Have you ever had a really good idea? I’m talking about one of those ideas that you know could change the way people do business, reform the political process or create world peace?
Or maybe it was just a simple idea that could right a wrong.
Deanna Micheli had one of those ideas.
Back in 1996, Deanna was working as an operating-room nurse at MeritCare. Every day she saw perfectly good medical supplies being wasted. When you are hospitalized, you pay for all of the “free” things the nurses bring you. The toothbrush, toothpaste, shampoo, lotion, etc., is billed to your insurance company.
Even if you don’t use it, it can’t be passed on to the next patient because that patient would also be paying for it, so the products would end up being paid for twice. To make sure supplies aren’t “re-billed,” they get thrown away. The same thing happens in the operating room with supplies like sutures, gauze and suction tubing.
Deanna was frustrated at seeing all those supplies tossed into the landfill when people in other countries desperately needed that garbage.
It may have been fate that led Deanna to a conference where the speaker addressed the waste issue and challenged the audience to fix the problem.
Deanna took that idea, that challenge to heart.
With the blessing of the hospital and a grant from MeritCare, she and her friends began collecting leftover supplies in a garage to give to medical mission teams. That was the birth of Project Hero.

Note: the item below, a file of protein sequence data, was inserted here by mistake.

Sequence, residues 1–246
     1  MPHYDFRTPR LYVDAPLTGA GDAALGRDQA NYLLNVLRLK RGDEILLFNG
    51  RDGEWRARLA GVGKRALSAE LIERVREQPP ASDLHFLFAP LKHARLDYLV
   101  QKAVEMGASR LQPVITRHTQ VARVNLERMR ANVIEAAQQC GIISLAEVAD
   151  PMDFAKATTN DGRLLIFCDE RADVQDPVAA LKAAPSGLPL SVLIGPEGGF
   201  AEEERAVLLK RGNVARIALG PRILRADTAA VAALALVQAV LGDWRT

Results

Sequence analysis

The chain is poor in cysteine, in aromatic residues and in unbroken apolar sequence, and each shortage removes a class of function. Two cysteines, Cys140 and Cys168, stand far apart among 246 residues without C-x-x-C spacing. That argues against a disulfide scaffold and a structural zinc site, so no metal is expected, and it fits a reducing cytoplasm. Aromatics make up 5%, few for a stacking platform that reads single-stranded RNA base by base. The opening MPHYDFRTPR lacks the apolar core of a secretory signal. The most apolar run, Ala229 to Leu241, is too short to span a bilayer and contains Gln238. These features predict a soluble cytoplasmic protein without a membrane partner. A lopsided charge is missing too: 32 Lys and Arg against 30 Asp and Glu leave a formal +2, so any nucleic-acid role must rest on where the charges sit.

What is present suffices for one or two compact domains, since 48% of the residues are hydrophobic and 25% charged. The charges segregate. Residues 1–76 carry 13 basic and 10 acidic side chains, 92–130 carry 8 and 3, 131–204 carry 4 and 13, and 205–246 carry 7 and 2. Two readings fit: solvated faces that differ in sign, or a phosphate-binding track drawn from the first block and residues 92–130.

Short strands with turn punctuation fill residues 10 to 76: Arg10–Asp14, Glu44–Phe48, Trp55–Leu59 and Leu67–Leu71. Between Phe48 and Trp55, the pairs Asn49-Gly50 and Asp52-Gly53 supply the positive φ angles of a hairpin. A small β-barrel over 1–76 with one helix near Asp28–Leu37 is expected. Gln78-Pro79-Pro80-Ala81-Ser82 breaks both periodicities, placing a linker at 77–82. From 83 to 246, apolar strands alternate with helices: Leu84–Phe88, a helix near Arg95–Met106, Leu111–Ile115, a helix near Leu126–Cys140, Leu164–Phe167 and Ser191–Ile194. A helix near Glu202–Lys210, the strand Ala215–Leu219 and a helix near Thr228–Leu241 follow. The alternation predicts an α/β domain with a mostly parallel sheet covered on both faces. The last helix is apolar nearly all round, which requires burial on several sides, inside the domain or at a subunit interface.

Eventually, Deanna started getting calls from local agencies saying they had clients who couldn’t afford medical equipment like walkers and wheelchairs. The nurse answered by refocusing Project Hero on both local and global giving.
Today, Project Hero is a nonprofit with a new name, HERO: Healthcare Equipment Recycling Organization. The process is still just as simple. People who have extra medical equipment and supplies give them to HERO, which then redistributes them to people in need locally and around the world. People can also shop at a retail location in Fargo and pay what they can afford.
Deanna is still a volunteer for the organization, though she has handed over the reins to three full-time and two part-time employees.
Just this year, HERO has collected 134,000 pounds of supplies from hospitals and individuals and given away more than 20,000 items locally.
Deanna had no clue how her little idea would grow. There were frustrations along the way, but if she hadn’t taken that first step, if she hadn’t decided to collect leftover surgical packs in a garage instead of allowing them to be thrown away, HERO wouldn’t exist today as a national model for recycling through redistribution.
So how do we know if that little idea floating around in the back of our mind is worth pursuing? As Deanna puts it, “If it’s for the good of others, it’s worth it.”